Backlash Against Media Smears in the Heartland
On Tuesday, Washington Post associate editor Kevin Merida published a front page article ostensibly decrying racisim in Indiana and elsewhere based upon spurious evidence. Merida, an African-American and author of a 2007 book that was fiercely critical of Justice Clarence Thomas, displayed subjective journalism at its finest with this "news" story. He also revealed an agenda on the part of the mainstream media -- used the following day by Ruben Navarrette of CNN.com -- to demean and label as "racist" anyone not voting for Obama.
In his 2,000 word piece, Merida recalled his travels throughout the state, which included, as he pointed out to me via email, "hanging out at the Applebees bar in Kokomo and talking to Obama staff and volunteers." He quotes local residents about their feelings towards Obama, regularly portraying their words along racial lines. The "story from the trail" he opens with is about a girl who actually postponed her sophomore year at college "to hopscotch America stumping for Barack Obama." Her experience with someone who said "I'll never vote for a black person" stands as the centerpiece of Merida's theory of what towns in Indiana are about. In the first half of the article -- which Merida, a veteran reporter, wisely realizes is all most readers read -- he harps upon the "horrible response" and "anti-black sentiment" the Obama volunteers encountered near Wal-Mart and on street corners.
Ironically, later in the article, Merida notes that "Obama campaign officials say such incidents are isolated, that the experience of most volunteers and staffers has been overwhelmingly positive." And he is even more generous by citing an Obama campaign statement in response to questions about encounters with racism that reads in part:
After campaigning for 15 months in nearly all 50 states, Barack Obama and our entire campaign have been nothing but impressed and encouraged by the core decency, kindness, and generosity of Americans from all walks of life. The last year has only reinforced Senator Obama's view that this country is not as divided as our politics suggest.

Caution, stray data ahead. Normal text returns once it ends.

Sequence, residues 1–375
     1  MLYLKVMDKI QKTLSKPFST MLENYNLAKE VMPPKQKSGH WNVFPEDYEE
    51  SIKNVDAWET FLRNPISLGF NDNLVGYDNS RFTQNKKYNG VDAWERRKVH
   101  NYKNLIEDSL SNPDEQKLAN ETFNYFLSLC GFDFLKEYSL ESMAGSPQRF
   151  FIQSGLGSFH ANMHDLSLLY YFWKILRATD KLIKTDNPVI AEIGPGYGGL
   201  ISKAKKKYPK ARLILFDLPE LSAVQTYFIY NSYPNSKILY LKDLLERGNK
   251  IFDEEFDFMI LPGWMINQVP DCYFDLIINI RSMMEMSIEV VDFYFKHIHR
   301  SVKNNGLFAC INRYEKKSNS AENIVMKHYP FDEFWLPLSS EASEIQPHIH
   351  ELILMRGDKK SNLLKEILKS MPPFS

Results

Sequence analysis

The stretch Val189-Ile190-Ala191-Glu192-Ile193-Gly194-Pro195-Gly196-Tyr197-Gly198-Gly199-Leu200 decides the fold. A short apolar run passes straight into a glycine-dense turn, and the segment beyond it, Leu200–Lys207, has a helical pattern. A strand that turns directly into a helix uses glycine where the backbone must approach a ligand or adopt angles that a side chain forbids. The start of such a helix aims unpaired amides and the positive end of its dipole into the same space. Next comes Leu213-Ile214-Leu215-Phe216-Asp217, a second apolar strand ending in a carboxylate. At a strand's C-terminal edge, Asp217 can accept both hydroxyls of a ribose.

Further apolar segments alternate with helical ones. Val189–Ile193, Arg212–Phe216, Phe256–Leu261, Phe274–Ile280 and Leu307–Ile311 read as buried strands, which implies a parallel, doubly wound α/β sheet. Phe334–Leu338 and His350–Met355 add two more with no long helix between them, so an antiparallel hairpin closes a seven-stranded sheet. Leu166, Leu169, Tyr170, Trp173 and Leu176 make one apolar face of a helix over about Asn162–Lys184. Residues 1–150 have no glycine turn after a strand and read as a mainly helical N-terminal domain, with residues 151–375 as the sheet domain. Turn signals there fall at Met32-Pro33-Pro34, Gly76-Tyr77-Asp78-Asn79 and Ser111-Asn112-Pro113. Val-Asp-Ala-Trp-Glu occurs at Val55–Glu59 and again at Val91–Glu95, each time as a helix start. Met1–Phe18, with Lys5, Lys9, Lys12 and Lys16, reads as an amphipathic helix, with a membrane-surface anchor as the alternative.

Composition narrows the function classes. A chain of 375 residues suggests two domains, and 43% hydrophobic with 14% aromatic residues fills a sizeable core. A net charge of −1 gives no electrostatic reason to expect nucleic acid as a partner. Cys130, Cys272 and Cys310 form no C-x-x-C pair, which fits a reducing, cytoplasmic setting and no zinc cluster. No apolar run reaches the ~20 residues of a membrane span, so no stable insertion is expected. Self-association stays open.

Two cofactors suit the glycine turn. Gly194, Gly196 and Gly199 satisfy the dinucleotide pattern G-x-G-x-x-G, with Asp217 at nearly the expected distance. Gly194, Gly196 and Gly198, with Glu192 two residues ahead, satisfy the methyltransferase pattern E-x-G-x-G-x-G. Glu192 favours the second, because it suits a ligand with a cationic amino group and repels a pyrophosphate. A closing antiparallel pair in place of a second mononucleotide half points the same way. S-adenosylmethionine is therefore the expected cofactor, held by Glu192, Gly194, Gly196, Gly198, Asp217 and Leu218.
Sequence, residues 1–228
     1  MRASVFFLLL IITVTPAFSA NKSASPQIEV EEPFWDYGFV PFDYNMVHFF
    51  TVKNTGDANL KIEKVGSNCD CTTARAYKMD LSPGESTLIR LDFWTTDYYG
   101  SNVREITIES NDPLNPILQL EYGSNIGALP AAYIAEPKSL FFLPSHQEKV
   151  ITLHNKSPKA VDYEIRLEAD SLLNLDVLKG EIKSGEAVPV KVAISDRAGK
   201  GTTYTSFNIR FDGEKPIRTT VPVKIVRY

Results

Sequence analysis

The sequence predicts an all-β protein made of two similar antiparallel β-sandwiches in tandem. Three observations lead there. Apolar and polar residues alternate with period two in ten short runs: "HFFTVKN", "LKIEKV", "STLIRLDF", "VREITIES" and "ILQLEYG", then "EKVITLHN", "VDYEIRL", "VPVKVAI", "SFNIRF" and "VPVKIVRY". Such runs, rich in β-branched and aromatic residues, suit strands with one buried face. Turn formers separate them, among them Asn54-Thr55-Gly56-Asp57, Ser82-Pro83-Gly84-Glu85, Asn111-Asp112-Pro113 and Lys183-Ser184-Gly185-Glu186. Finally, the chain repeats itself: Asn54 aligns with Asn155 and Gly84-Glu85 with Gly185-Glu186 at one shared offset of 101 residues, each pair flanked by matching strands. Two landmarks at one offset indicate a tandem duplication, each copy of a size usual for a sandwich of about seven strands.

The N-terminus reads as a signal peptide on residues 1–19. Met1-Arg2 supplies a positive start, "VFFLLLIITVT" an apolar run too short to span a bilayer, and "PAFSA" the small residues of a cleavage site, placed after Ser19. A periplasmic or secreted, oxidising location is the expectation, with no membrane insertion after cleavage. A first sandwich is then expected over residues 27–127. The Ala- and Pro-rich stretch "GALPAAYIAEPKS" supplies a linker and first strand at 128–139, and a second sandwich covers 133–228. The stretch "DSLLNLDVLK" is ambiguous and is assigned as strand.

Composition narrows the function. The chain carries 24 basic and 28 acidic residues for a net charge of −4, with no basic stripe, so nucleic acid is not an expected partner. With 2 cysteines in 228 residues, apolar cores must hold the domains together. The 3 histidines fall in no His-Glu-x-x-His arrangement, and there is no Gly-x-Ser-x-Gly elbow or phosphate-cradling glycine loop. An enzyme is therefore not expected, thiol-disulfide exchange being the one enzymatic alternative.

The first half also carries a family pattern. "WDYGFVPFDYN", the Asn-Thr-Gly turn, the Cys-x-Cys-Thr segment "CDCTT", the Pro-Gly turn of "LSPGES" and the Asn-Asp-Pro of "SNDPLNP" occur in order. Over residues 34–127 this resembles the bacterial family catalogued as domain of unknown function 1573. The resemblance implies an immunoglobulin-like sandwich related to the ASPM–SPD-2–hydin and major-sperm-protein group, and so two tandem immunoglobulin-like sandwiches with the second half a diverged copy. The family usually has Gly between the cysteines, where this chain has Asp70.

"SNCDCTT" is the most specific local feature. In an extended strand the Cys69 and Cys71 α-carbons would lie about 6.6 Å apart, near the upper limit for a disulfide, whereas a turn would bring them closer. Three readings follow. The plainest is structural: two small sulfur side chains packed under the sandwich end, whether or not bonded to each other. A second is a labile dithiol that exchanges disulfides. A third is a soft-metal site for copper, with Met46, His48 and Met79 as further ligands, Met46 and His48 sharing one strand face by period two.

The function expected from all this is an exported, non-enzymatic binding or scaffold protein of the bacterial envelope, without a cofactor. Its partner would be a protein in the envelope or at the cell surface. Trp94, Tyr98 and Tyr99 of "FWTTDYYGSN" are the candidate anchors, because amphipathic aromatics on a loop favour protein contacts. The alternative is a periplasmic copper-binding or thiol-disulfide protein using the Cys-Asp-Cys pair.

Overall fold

Anyone reading the full article might then request clarification to determine whether the Obama folks felt there was a lot of racism -- as the opening of the piece and its title suggest -- or whether the positive experiences far outweighed the isolated incidents of racism. When the most liberal senator in America receives nearly 49% of the vote in a historically red state, the latter rings more true.
There are certainly racists and bigots in America. In the 42 months since President Bush's re-election, I have visited all the lower 48 states and can tell you some level of racism exists in all colors in all states. But as a historian, I can't help but think America is the least racist nation ever created, in spite of the stain of slavery. Many immigrants I know also concur. They'll cite European history for ethnic insensitivity, and the racial intolerance in their native lands of the Middle East, Asia, or South America for examples.
In two years as an Indiana resident, I have been to 91 of the 92 counties in the Hoosier State, and have enjoyed conversations with all sorts of genuine folks who epitomize "Hoosier hospitality." The three cities in question in Merida's article -- Muncie, Kokomo, and Vincennes -- are all college towns, the former two with ethnically diverse populations. Muncie has a major land grant school (the very liberal Ball State University), while Kokomo is a working class city with a Democrat mayor. Vincennes is a historic city -- Indiana's first (and its first territorial capital) at 275 years old -- and also has a Democratic mayor. No facts show these Indiana cities being any more racially insensitive than Eugene, Oregon; Rutland, Vermont; or Duluth, Minnesota.